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Police Pursuit: Policies and Training, Research in Brief

NCJ Number
Date Published
May 1997
8 pages
Publication Series

A comprehensive NIJ study examined policies and training related to police pursuit driving to determine for what offenses and under what conditions police should risk accidents and injuries to pursue fleeing suspects.


The research gathered information by means of a national survey of police agencies; case studies of more than 1,200 pursuits recorded by the police departments of Miami, Omaha, and Aiken County (S.C.); and surveys and interviews of 779 police officers, 175 supervisors, 160 police recruits before training, 145 of them after training, 555 members of the public in Omaha and Aiken County, and 146 jailed suspects who had been involved as drivers in high-speed chases in the three jurisdictions. Results revealed that most agencies had written policies on pursuit, but many had been implemented in the 1970's. Most of those that had been updated were made more restrictive to control risk. Results indicated that law enforcement personnel and members of the pubic focused on the severity of the offense committed by the suspect when supporting a pursuit. The second most important factor was the risk to the public as defined by traffic, road conditions, and the weather. Findings suggested that policy should focus first on the type of offense and second on risks to the public and that further initial and continuing training is needed on the issues involved. Tables, notes, and 9 references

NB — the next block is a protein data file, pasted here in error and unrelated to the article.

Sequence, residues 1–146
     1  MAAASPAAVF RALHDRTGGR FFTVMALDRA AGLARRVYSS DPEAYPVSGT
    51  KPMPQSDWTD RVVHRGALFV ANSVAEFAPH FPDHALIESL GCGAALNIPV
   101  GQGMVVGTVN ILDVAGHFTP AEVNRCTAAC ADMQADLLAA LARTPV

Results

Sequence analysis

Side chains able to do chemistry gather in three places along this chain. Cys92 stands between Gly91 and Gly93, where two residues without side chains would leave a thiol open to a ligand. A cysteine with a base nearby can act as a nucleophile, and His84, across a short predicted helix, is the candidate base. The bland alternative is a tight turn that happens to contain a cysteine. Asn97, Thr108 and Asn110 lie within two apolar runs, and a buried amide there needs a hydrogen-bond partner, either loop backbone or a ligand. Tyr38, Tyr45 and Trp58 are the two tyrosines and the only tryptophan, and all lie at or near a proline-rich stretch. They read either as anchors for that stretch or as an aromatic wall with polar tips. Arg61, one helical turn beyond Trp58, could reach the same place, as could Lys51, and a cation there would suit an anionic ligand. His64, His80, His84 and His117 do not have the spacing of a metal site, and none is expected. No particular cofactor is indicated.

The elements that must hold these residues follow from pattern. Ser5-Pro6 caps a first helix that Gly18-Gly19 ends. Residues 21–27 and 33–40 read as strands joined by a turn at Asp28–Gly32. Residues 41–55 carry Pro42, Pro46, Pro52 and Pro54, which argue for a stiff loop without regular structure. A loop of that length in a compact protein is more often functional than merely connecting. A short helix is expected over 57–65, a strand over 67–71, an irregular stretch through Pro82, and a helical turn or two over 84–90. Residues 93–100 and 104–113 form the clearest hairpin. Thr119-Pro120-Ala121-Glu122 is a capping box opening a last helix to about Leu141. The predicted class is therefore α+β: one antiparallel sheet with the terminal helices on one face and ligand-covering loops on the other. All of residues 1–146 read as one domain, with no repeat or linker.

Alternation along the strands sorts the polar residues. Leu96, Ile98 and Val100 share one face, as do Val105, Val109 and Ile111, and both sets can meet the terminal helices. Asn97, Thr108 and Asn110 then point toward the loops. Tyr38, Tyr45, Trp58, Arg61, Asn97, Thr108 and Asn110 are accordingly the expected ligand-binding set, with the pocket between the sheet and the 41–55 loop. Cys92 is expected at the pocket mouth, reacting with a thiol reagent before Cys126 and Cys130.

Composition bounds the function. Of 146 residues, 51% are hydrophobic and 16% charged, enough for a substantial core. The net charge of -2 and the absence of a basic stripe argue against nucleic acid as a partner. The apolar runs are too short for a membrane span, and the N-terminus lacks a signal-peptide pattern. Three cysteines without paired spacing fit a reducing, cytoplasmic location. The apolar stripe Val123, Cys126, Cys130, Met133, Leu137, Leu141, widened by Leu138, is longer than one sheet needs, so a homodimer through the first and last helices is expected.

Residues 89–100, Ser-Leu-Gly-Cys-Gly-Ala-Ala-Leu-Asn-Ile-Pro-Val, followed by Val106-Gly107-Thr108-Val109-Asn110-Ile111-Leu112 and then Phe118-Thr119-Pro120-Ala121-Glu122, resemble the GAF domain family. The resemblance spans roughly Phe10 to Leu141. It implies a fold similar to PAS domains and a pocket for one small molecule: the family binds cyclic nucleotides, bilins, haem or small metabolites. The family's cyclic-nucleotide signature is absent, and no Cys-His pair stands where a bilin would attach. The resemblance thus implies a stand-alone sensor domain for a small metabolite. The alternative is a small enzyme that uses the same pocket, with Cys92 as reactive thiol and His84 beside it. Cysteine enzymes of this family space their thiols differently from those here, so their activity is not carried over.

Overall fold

Date Published: May 1, 1997